E-infrastructures fostering multi-centre collaborative research into the intensive care management of patients with brain injury
AuthorSinnott, Richard O.; Piper, Ian
Source TitleHandbook of Research on Computational Grid Technologies for Life Sciences, Biomedicine and Healthcare (Volume 2)
PublisherInformation Science Reference (an imprint of IGI Global)
University of Melbourne Author/sSinnott, Richard
Document TypeBook Chapter
CitationsSinnott, R. O., & Piper, I. (2009). E-infrastructures fostering multi-centre collaborative research into the intensive care management of patients with brain injury. In M. Cannataro (Ed.), Handbook of Research on Computational Grid Technologies for Life Sciences, Biomedicine and Healthcare (Volume 2) (pp. 494-512). Hershey, New York: Information Science Reference (an imprint of IGI Global).
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This chapter appears in "Handbook of Research on Computational Grid Technologies for Life Sciences, Biomedicines and Healthcare, Vol. 2" edited by Mario Cannataro. © 2009 IGI Global www.igi-global.com. Posted by permission of the publisher.
Clinical research is becoming ever more collaborative with multi-centre trials now a common practice. With this in mind, never has it been more important to have secure access to data and, in so doing, tackle the challenges of inter-organisational data access and usage. This is especially the case for research conducted within the brain injury domain due to the complicated multi-trauma nature of the disease with its associated complex collation of time-series data of varying resolution and quality. It is now widely accepted that advances in treatment within this group of patients will only be delivered if the technical infrastructures underpinning the collection and validation of multi-centre research data for clinical trials is improved. In recognition of this need, IT-based multi-centre e-Infrastructures such as the Brain Monitoring with Information Technology group (BrainIT - www.brainit.org) and Cooperative Study on Brain Injury Depolarisations (COSBID - www.cosbid.de) have been formed. A serious impediment to the effective implementation of these networks is access to the know-how and experience needed to install, deploy and manage security-oriented middleware systems that provide secure access to distributed hospital based datasets and especially the linkage of these data sets across sites. The recently funded EU framework VII ICT project Advanced Arterial Hypotension Adverse Event prediction through a Novel Bayesian Neural Network (AVERT-IT) is focused upon tackling these challenges. This chapter describes the problems inherent to data collection within the brain injury medical domain, the current IT-based solutions designed to address these problems and how they perform in practice. The authors outline how the authors have collaborated towards developing Grid solutions to address the major technical issues. Towards this end we describe a prototype solution which ultimately formed the basis for the AVERT-IT project. They describe the design of the underlying Grid infrastructure for AVERT-IT and how it will be used to produce novel approaches to data collection, data validation and clinical trial design.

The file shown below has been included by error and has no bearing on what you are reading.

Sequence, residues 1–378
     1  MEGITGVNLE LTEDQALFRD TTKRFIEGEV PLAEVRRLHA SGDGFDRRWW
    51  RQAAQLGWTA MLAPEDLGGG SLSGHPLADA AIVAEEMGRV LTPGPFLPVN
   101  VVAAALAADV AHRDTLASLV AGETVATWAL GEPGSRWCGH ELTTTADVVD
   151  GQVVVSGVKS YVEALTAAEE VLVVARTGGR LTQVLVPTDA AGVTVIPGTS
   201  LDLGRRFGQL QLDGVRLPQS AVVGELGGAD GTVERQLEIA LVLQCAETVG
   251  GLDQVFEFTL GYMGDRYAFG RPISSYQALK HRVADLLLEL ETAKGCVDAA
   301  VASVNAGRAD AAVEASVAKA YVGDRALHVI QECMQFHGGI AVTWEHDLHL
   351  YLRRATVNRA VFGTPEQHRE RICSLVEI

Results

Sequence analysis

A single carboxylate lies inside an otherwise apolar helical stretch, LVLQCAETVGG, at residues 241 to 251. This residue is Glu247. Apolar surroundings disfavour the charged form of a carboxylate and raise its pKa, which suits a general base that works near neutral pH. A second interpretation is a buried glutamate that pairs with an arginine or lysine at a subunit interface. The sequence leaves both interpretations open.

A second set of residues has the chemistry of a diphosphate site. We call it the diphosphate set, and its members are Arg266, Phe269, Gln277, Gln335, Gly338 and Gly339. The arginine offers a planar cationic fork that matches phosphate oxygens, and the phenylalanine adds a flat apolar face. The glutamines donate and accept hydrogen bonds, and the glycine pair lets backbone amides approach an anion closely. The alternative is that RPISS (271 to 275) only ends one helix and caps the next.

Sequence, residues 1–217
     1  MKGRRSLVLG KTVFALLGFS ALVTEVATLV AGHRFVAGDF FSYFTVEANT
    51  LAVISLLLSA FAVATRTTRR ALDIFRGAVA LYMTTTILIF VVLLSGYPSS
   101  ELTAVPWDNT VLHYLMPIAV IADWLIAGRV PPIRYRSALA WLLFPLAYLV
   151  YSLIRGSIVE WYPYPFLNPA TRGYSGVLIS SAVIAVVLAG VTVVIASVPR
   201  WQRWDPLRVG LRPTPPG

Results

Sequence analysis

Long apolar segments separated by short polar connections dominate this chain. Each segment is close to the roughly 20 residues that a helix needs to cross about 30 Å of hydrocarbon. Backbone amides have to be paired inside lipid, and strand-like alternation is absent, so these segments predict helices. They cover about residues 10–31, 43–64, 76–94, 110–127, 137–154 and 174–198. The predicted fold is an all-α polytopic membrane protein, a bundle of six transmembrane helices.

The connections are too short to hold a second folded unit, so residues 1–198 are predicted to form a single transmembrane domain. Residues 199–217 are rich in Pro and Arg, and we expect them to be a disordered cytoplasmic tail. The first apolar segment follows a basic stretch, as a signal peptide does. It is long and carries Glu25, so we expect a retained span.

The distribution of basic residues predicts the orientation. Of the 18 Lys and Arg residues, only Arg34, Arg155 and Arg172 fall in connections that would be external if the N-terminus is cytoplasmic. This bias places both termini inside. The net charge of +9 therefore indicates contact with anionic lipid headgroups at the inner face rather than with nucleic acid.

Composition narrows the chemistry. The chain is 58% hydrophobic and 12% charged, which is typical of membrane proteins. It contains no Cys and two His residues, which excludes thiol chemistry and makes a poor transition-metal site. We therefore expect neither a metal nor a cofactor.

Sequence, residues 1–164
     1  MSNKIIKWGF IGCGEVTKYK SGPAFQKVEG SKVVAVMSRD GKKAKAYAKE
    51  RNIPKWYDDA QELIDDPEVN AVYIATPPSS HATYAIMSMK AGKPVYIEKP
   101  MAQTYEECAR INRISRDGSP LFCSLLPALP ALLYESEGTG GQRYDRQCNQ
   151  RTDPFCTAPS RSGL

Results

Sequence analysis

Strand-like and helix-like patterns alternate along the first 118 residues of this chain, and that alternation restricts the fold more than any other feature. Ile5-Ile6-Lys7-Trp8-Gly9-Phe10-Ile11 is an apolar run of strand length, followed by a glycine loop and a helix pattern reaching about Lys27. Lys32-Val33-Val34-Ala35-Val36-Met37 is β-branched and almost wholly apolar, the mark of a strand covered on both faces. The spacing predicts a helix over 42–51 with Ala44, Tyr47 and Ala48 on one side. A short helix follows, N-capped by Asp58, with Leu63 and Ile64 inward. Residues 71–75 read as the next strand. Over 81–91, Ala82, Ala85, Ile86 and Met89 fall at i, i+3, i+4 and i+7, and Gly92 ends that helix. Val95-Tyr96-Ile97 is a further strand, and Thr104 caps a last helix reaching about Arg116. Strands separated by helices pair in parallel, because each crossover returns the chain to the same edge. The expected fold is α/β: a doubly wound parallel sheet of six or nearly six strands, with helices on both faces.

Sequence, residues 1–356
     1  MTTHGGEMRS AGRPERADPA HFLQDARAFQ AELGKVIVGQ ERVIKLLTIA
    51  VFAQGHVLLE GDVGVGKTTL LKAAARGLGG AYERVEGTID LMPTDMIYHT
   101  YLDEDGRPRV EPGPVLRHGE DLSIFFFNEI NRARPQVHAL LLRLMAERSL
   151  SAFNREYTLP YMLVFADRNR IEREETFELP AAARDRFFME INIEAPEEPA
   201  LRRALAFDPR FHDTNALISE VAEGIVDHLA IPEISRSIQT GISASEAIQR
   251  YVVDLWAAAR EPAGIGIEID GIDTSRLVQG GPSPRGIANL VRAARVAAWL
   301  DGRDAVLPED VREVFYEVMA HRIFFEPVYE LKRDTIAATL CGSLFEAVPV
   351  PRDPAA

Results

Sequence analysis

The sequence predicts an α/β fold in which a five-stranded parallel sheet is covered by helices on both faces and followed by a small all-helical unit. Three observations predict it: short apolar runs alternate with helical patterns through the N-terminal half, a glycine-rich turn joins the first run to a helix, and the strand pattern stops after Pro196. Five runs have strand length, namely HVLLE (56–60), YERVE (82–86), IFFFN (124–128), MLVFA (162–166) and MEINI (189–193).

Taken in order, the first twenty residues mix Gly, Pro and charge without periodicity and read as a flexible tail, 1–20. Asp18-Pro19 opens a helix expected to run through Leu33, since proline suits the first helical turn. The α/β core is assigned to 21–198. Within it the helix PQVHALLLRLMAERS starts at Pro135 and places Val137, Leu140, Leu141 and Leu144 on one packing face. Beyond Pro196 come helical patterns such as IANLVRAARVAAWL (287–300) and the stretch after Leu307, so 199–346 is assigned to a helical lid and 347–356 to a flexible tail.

Keywordse-infrastructures; collaborative research; intensive care management; patients; brain injury; grid technology; biomedicine; healthcare; medical data; data collection
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